Pediatric nephrologist among those killed in Ukranian children’s hospital bombing

Rescuers worked at Okhmatdyt Children’s Hospital in Kyiv, Ukraine’s capital, July 8, after it was severely damaged during Russian missile strikes amid Russia’s attack on Ukraine. At least 31 were killed and over 135 injured as Russian bombers pummeled Kyiv and numerous other cities throughout the nation that day with more than 40 missiles and guided aerial bombs, with one striking the large children’s hospital, where emergency crews searched the rubble for victims. (OSV News photo/Thomas Peter, Reuters)

By Gina Christian

A July 8 attack by Russia on a children’s hospital and other civilian targets throughout Ukraine is “a sin that cries out to heaven for revenge,” said the head of the Ukrainian Greek Catholic Church.

At least 31 have been killed and over 135 injured as Russian bombers pummeled Ukraine’s capital, Kyiv, and numerous cities throughout the nation with more than 40 missiles and guided aerial bombs.

Among the sites struck was the Okhmatdyt children’s hospital in Kyiv, where two adults died and 16 were injured, including seven children.

Lviv Mayor Andriy Sadovyi reported on his X (formerly Twitter) account that one of those adult victims was 30-year-old Svitlana Lukyanchuk, a Lviv-born pediatric nephrologist.

With rescue efforts ongoing, the casualty count is expected to rise. July 9 has been declared a day of mourning in Kyiv.

Major Archbishop Sviatoslav Shevchuk, head of the Ukrainian Greek Catholic Church, released a July 8 statement denouncing the strike.

“In the name of God, with all determination, we condemn this crime against humanity,” he said. “This is not only a crime against human laws and rules, international rules that tell us about the customs and rules of warfare. According to Christian morality, this is a sin that cries out to heaven for revenge.”

Associated Press footage of the attack showed dozens of individuals digging through the rubble to free survivors, with bandaged hospital patients being carried in their mother’s arms to shelter.

Ukraine President Volodmyr Zelenskyy called for an emergency meeting of the United Nations Security Council in response to the strike on civilian infrastructure, which is prohibited under international humanitarian law.

Major Archbishop Shevchuk lamented that children who had come to the hospital for lifesaving treatment — some of whom were in kidney surgery and other medical procedures — “were mercilessly killed by Russian criminals.”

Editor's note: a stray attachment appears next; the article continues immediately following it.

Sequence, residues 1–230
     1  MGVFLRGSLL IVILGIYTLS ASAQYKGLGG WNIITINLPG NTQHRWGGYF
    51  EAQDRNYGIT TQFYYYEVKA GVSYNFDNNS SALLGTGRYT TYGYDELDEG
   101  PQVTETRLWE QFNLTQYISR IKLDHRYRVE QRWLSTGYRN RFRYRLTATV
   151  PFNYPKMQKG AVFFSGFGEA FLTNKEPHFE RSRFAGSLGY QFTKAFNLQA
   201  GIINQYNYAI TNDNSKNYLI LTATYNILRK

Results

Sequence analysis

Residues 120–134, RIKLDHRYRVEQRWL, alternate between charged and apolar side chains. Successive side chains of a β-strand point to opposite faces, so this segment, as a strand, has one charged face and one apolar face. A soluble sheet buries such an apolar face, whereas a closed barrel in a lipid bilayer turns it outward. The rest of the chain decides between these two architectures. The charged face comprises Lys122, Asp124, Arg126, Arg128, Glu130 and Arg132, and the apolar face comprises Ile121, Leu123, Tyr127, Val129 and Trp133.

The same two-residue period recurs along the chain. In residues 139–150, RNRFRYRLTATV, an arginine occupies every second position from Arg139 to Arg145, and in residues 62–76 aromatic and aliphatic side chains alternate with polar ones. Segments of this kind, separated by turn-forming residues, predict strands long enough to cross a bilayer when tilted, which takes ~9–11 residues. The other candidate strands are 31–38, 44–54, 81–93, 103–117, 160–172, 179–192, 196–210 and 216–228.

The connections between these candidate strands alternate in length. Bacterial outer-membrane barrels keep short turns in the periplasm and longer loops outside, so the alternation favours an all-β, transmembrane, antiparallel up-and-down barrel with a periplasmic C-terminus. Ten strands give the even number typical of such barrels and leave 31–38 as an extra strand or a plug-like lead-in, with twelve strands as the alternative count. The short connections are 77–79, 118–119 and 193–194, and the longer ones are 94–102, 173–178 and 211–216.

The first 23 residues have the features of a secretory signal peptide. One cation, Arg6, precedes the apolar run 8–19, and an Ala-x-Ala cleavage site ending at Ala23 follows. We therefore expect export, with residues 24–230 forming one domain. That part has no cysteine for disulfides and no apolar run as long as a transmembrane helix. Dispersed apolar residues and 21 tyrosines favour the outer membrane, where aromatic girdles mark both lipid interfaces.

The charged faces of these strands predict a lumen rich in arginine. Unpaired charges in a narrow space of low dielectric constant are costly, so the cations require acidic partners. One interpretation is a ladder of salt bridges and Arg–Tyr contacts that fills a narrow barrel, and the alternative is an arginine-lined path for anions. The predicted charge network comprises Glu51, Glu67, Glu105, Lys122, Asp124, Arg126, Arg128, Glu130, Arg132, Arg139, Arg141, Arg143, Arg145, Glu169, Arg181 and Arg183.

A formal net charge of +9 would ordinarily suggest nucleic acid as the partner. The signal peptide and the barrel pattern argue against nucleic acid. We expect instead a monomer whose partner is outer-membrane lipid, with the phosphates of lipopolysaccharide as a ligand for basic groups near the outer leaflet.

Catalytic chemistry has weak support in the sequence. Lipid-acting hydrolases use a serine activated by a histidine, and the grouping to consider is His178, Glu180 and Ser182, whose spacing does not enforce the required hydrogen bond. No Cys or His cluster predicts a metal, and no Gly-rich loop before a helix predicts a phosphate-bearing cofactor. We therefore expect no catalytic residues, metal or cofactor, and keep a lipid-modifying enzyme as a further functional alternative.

His statement, posted to the website of the Ukrainian Greek Catholic Church, included an image from Ukraine public broadcaster Suspilne showing a surviving patient of the children’s hospital being carried in a woman’s arms. The child was covered in blood and dust, with medical tubes and tapes dangling, as a blood-streaked medical professional looks on.

“We saw how the doctors saved lives even with bloodied faces,” said the archbishop, adding that medical workers and volunteers were digging through the hospital’s wreckage “to save even those children whose hearts are beating there under the rubble.”

“Today we cry with all the victims,” said Major Archbishop Shevchuk. “Today we want to pray for all the dead, especially innocently killed children. Today, we want to wrap our Christian love around all the wounded, all those who are currently hurting the most.”

He concluded his statement with a prayer “for the protection and victory of the lives of our children and women.

“Merciful God, bless our long-suffering Ukrainian land with your just peace,” said Major Archbishop Shevchuk.

Reached by telephone July 8, two staffers at the Russian Embassy in Washington declined to comment to OSV News about the attack, with one promising to “check with colleagues” in the embassy’s press center regarding a possible statement, which OSV News has not yet received.

Two joint reports from the New Lines Institute and the Raoul Wallenberg Center for Human Rights have determined Russia’s invasion — which continues attacks launched in 2014 — constitutes genocide, with Ukraine reporting more than 135,141 war crimes committed by Russia in Ukraine since February 2022.

During its recent meeting in Bucharest, Romania, the Organization for Security and Cooperation in Europe Parliamentary Assembly adopted a resolution recognizing Russia’s 10-year aggression against Ukraine as genocide.

OSV News
Written By
OSV News
More from OSV News
Leave a comment

Your email address will not be published. Required fields are marked *